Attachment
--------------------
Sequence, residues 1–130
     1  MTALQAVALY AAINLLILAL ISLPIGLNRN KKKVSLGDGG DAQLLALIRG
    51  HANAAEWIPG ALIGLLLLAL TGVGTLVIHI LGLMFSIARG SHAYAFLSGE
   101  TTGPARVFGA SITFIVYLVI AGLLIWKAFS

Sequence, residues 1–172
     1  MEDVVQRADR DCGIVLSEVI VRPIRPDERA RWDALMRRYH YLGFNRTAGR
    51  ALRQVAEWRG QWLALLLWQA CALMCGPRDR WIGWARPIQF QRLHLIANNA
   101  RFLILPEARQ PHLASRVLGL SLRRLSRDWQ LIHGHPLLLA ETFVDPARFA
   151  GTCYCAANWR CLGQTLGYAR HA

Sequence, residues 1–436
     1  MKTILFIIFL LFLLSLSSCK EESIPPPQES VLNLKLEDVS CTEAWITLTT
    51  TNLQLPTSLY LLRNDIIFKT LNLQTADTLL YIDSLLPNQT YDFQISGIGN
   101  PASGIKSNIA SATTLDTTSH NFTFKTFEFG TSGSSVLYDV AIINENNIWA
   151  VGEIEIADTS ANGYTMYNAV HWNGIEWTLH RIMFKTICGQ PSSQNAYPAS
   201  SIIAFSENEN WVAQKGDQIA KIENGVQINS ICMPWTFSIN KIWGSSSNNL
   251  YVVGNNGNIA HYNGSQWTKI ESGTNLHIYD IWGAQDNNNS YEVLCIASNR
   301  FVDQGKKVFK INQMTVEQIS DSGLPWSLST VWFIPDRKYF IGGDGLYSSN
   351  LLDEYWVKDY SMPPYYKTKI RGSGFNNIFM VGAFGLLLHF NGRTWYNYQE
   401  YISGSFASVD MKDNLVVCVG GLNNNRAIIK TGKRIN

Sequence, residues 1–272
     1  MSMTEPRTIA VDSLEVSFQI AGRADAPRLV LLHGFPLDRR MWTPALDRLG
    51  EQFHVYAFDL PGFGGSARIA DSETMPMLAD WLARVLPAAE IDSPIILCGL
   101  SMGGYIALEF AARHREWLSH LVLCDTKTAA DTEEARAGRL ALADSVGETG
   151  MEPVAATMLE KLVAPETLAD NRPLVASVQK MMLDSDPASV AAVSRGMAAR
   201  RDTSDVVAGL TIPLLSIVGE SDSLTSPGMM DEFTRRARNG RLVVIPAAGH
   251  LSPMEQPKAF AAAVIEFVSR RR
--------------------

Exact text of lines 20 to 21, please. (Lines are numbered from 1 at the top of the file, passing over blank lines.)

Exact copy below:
Sequence, residues 1–272
     1  MSMTEPRTIA VDSLEVSFQI AGRADAPRLV LLHGFPLDRR MWTPALDRLG